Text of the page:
(but very good point. it's much harder to prove indirect infringement of this sort)
     
  15. thisisnotmyname macrumors 68000

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    #16
    August was acquired by one of the largest lock manufacturers in the world. Perhaps he was unaware though.
     
  16. rek89 macrumors member

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    #17
    Yep, I'm well-acquainted with the concept of contributory infringement, but the article doesn't say that it what is being alleged. Additionally, as someone mentioned above, Defendant will have to prove that Apple was aware of the patent. There are also some specific geometric limitations and this gem ("said housing configured to be mounted utilizing only the existing mounting screws of said pre-existing deadbolt lock;" (emphasis mine)) that may be problematic in the quest to relieve Apple of some of its new iPhone X money.
     
  17. OneTokenRing..., Oct 30, 2017
    Last edited: Oct 30, 2017

    OneTokenRing... macrumors member

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    #18
    I wonder if this was filed before Assa Abloy purchased them....

    https://www.cnbc.com/2017/10/19/assa-abloy-buys-august-home.html
    https://techcrunch.com/2017/10/19/swedish-lock-maker-assa-abloy-set-to-acquire-august-home/
    "
    In addition to Assa Abloy being a multi billion dollar a year lock, hinge, handle and all around door hardware company looks like August counts these small organizations as product and distribution partners....."August counts Airbnb, Amazon, Apple, Google, HomeAway, Nest and Wal-Mart as its partners."

    I guess going after Apple solely will scare away, incentivize all the other small fish circling the pond

    EDIT : I'm being facetious. It is well known that whether apple is in the right or wrong, invoking their name in the courts or media will automatically grant the accuser a higher profile, no matter the claim.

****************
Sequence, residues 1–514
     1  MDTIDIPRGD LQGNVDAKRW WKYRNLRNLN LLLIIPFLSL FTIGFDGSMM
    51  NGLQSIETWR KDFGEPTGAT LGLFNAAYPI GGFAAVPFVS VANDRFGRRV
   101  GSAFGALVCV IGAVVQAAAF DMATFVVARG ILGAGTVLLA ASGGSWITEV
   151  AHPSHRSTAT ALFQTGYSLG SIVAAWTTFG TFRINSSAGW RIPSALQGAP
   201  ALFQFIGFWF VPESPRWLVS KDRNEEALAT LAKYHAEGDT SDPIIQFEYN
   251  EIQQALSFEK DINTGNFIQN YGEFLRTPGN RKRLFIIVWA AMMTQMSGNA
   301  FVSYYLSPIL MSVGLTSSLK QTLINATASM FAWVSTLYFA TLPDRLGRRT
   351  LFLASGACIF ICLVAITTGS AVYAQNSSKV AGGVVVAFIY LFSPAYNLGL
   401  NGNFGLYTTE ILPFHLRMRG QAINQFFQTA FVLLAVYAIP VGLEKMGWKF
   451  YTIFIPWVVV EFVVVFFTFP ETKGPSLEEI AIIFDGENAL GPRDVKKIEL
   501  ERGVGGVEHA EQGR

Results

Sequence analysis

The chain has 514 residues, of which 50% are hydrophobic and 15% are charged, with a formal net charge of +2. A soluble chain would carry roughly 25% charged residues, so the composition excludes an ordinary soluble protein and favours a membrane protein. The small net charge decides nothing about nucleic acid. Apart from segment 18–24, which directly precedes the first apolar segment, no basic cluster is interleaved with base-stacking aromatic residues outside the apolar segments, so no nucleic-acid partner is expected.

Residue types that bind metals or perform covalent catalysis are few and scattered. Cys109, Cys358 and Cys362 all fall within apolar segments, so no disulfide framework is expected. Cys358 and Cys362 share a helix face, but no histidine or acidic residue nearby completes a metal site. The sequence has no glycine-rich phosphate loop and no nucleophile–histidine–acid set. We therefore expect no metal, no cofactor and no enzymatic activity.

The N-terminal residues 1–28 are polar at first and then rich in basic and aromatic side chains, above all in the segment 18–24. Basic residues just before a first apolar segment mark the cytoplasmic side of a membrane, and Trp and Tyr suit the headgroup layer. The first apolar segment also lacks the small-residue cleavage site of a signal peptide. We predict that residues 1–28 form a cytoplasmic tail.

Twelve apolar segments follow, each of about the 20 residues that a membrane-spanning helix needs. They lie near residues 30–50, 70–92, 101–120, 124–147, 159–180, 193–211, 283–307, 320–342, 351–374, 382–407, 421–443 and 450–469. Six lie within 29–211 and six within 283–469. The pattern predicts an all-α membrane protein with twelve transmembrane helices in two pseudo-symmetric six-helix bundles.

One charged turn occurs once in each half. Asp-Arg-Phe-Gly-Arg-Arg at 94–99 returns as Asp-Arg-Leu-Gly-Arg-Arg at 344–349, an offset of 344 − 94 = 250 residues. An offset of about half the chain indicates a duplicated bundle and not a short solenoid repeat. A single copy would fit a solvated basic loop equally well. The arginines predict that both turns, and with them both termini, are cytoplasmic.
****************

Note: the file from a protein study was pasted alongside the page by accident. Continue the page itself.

18. cmaier macrumors G5

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    The Complaint does allege contributory infringement and alleges Apple was aware of the patent (arguable how much detail you need in the Complaint for that, but under Iqbal standard maybe more than is in there). They say essentially that Apple knew because Apple requested the actual hardware from plaintiff as part of the app review process for plaintiff's app. Of course that, in itself, isn't all too compelling, which is why it's hard to prove contributory (looking backward - from the point the complaint is served, however, continued sales would still count as infringement and harder to argue that Apple is n't aware now).
     
  19. rek89 macrumors member

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    #20
    Yep, agreed there. Looking at the actual patents though, I can't imagine Apple's stable of attorneys is going to have too much trouble knocking this one down, unless of course the settlement to make it go away is less than the attorneys' fees.
     
  20. Joe Rossignol Editor

    Joe Rossignol

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    #21
     

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  21. cmaier macrumors G5

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    #22
    might not be apple's problem. August may have to indemnify Apple.
     
  22. cmwade77 macrumors 65816

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    #23
    He has to prove that Apple knew about his patent and that they knew that August was infringing on his patent and weren't under the impression that it was licensed.

    Chances are he would quite literally be able to make a case against August, but to make a case against Apple is going to be exceedingly difficult.
    --- Post Merged, Oct 30, 2017 ---
    I think they might.
     
  23. alexgowers, Oct 30, 2017
    Last edited: Oct 30, 2017

    alexgowers macrumors 65816

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    #24
    I’m sure a 3rd party isn’t included in that. The product itself infringes on a patent and can only be sold once to a third party. NOTE: it does not say reseller anywhere in that definition.

    Also “makes, uses, offers to sell or sells” could be seen as a list of requirements that all need to be done. For example if I use an iPhone that infringes on a patent am I personally liable for compensation? According to you and your definition I am!
     
  24. cmaier macrumors G5

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    #25
    You can be pretty sure but you’d be wrong. If you sell an infringing product and you are not licensed you infringe. Period.
    --- Post Merged, Oct 30, 2017 ---
    Again, infringement is allegedly ongoing. So Apple is aware of the patent NOW and so sales from today onward are a different story.